The Legend of Tarzan – Review

So… it wasn’t as bad as I thought it would be. But was it good? Not really. The problem I had with the film is that it had potential but it wasn’t handled well.

The Legend of Tarzan takes itself way too seriously if you ask me. The movie is injected with a dose of over-the-top action with a side of testosterone and nonsense. It would have been more interesting if taken down a notch.

The chemistry between Tarzan and Jane is strong enough to pull the audience in, add to it the gorgeous scenes with the tribe and you’ve got some of the best moments of the film. When it comes to the rest, I don’t even know where to start…

Let’s start with the plot, shall we. King Leopold of Belgium seized control of Congo’s minerals, from which he made tonnes of profit. Once it began to run dry, he sent Captain Leon Rom (Christoph Waltz) to find some very precious diamonds. This over-dressed white man walks in with his army and silly hat, ready to kill as many men as he wants to bring back some gems. A gigantic tribe ruled by Chief Mbonga (Djimon Hounsou) stops him and kills all his men. They leave him alive for some reason, he then creates a deal with the chief to bring him back Tarzan.


He schemes and finds a way to reach Tarzan (Alexander Skarsgard), who now lives under the name of Lord Greystoke or John Clayton in a beautiful castle in London, oh so bourgeoisie. But, oh angst hold me down, Tarzan refuses to go back to Africa for the expedition of King Leopold. A man from America of the name of George Washington Williams (Samuel L. Jackson) will convince him to make it to the expedition since he’s suspecting Belgium to be attacking and enslaving tribes in Congo. Tarzan will then agree, his gorgeous wife Jane Clayton (Margot Robbie) begs to follow, John Clayton gets mad because he loves her and doesn’t want her to get hurt. They kiss. Everything is okay. Let’s go.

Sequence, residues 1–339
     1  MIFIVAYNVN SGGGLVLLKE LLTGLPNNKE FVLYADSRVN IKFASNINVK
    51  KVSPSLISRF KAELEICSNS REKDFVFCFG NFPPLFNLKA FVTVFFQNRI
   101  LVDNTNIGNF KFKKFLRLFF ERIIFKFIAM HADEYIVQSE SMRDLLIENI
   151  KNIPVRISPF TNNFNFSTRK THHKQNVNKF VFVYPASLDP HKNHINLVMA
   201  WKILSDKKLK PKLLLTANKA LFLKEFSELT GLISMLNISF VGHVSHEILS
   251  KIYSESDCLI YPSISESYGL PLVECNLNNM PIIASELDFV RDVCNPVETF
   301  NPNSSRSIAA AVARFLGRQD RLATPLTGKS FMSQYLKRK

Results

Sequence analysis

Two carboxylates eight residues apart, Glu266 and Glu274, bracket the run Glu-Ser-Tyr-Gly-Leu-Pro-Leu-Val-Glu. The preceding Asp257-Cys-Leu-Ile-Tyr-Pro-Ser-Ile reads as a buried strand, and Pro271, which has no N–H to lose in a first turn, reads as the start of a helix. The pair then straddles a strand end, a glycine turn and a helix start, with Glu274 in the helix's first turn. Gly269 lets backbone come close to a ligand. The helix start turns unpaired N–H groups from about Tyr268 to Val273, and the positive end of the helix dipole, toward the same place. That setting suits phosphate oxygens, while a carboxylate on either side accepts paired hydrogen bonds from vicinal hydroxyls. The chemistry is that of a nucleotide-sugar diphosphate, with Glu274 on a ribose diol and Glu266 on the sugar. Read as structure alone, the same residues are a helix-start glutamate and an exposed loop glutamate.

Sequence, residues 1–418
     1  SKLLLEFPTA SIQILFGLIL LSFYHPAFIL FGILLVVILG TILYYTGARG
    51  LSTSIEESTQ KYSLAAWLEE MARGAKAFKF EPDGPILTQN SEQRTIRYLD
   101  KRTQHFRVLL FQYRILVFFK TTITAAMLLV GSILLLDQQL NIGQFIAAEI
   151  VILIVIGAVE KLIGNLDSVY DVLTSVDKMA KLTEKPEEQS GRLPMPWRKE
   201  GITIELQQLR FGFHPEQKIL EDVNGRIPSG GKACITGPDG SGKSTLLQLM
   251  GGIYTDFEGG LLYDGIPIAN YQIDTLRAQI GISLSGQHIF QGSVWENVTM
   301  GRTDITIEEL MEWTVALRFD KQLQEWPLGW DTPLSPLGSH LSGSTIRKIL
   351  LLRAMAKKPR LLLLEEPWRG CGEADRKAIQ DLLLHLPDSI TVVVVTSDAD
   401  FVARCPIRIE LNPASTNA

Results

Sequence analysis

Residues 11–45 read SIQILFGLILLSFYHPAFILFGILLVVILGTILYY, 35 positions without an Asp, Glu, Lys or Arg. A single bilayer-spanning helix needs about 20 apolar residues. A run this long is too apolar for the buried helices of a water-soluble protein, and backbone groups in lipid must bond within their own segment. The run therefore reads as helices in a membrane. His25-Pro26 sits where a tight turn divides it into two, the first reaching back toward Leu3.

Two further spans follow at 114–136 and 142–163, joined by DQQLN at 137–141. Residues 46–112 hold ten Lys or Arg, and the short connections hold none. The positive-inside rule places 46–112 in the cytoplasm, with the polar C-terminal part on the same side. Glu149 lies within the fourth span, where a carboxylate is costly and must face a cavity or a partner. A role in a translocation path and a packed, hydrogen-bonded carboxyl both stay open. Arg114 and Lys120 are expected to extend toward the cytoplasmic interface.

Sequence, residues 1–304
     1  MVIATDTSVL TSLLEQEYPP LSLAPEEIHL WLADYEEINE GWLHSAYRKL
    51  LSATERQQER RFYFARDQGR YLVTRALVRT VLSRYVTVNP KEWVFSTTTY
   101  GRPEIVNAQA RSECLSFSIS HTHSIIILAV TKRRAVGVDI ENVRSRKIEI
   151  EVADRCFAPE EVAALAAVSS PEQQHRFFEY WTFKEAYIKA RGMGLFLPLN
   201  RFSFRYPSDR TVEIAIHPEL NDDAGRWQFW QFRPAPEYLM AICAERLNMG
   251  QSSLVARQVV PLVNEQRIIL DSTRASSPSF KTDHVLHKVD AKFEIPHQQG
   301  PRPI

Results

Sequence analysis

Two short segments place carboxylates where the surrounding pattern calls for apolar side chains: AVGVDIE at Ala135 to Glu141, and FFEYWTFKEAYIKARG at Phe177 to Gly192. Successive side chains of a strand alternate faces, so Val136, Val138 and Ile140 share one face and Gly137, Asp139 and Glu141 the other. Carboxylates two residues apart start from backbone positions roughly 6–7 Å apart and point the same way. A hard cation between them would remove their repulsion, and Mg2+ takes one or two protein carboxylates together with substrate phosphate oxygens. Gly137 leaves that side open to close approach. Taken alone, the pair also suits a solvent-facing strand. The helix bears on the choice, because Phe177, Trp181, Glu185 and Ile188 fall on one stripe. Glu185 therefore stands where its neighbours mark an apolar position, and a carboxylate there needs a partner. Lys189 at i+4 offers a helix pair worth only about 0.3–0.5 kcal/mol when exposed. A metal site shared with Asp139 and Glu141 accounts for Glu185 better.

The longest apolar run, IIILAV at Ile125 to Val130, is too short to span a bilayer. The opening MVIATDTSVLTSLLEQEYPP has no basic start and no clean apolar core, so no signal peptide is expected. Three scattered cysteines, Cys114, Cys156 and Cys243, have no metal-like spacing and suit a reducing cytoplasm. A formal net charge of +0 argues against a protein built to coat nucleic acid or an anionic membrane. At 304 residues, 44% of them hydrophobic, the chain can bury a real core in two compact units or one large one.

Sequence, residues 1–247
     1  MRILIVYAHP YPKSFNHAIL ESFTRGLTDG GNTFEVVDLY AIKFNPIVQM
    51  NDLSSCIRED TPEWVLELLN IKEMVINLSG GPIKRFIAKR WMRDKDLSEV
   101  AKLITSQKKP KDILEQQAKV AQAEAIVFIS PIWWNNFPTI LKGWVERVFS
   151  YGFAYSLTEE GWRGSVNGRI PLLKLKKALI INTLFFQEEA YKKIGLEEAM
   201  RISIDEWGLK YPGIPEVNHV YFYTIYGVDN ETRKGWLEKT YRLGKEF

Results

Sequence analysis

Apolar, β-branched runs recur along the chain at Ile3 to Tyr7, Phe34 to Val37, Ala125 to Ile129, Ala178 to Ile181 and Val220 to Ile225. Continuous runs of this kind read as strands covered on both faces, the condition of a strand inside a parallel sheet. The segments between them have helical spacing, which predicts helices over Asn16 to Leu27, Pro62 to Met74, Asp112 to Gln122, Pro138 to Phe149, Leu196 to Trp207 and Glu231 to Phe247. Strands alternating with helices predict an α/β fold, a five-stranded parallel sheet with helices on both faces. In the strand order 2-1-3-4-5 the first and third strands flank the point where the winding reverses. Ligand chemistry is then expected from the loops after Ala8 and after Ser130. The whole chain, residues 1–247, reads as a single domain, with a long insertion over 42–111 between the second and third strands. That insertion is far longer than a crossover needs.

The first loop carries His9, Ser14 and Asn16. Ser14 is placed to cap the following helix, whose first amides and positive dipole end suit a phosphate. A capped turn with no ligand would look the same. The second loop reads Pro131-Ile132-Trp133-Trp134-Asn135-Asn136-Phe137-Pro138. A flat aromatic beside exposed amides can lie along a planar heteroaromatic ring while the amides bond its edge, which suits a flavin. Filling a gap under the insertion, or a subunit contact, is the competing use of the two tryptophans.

As they reach Congo, they meet with the tribe who raised Jane. Those are the loveliest scenes of the film and they felt very truthful, with the singing and the storytelling. But happiness can’t stay, the evil Leon Rom attacks the tribe and kidnaps Tarzan, Jane and quite a few other members. That’s without knowing that George Washington Williams is a master at shooting and that he never misses his target. He will save Tarzan, but not his beloved wife. Then follows the biggest chase in the history of the jungle, featuring cameos with very loud gorillas and more evil Belgians who for the most part don’t even speak Dutch or French. Conveniently, everyone speaks perfect English.


One of my problem with the film is that it’s overfilled, it’s stuffed with so much action but yet not all of it is interesting. The pacing is sluggish and definitely, would have benefited some cuts. It also doesn’t make a lot of sense. I know that it’s about a boy who was raised by gorillas and that flies from liana to liana and that I’m supposed to open my mind, but especially towards the end of the film a lot of what happens seems very gimmicky and I just couldn’t take it anymore.


Also, as someone who edits and do colorization for a living (kinda), I just want to point to one particular shot that made me cringe. Tarzan is running towards the bad guys with some boys from the tribe and the ever-slowing George who’s trying his best when the camera cuts to a flock of birds flying in the sky. The lens gets dirty. Is it bird poop, is it rain? I don’t know. But why, why, leave a dirty lens ruin a shot and therefore break the 4th wall in my brain. Here I am, looking at the film, wondering if this is a technical mistake or if it’s what they were going for. But what does a lens with bird poop on it bring to this huge mess? Nothing.

I’m sorry but I had to rant about this. It just shows how disinterested David Yates was about directing The Legend of Tarzan. I had high hopes when I saw the name of the man who directed my favourite Harry Potter film, but I guess even your faves disappoint you sometimes. (Not you David Fincher, never you)

I will end this by saying that the song by Hozier at the end was very nice. Still not worth sitting through this nonsense, listen to it here instead:


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